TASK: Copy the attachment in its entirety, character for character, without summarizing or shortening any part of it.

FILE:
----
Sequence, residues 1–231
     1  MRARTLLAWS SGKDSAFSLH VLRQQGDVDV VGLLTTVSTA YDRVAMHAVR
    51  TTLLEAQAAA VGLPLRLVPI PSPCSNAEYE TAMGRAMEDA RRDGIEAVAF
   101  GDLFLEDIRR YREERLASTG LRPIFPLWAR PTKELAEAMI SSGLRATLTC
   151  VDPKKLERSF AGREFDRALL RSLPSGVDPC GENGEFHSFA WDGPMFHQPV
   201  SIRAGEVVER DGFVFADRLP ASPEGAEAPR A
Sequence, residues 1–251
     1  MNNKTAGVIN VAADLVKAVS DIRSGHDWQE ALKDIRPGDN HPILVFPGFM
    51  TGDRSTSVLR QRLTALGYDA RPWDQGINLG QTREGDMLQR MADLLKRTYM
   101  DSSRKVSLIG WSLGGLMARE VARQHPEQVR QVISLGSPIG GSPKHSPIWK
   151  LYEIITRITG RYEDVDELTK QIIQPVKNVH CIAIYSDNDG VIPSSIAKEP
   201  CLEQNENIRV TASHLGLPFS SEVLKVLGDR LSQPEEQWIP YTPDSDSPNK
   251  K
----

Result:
Sequence, residues 1–231
     1  MRARTLLAWS SGKDSAFSLH VLRQQGDVDV VGLLTTVSTA YDRVAMHAVR
    51  TTLLEAQAAA VGLPLRLVPI PSPCSNAEYE TAMGRAMEDA RRDGIEAVAF
   101  GDLFLEDIRR YREERLASTG LRPIFPLWAR PTKELAEAMI SSGLRATLTC
   151  VDPKKLERSF AGREFDRALL RSLPSGVDPC GENGEFHSFA WDGPMFHQPV
   201  SIRAGEVVER DGFVFADRLP ASPEGAEAPR A
Sequence, residues 1–251
     1  MNNKTAGVIN VAADLVKAVS DIRSGHDWQE ALKDIRPGDN HPILVFPGFM
    51  TGDRSTSVLR QRLTALGYDA RPWDQGINLG QTREGDMLQR MADLLKRTYM
   101  DSSRKVSLIG WSLGGLMARE VARQHPEQVR QVISLGSPIG GSPKHSPIWK
   151  LYEIITRITG RYEDVDELTK QIIQPVKNVH CIAIYSDNDG VIPSSIAKEP
   201  CLEQNENIRV TASHLGLPFS SEVLKVLGDR LSQPEEQWIP YTPDSDSPNK
   251  K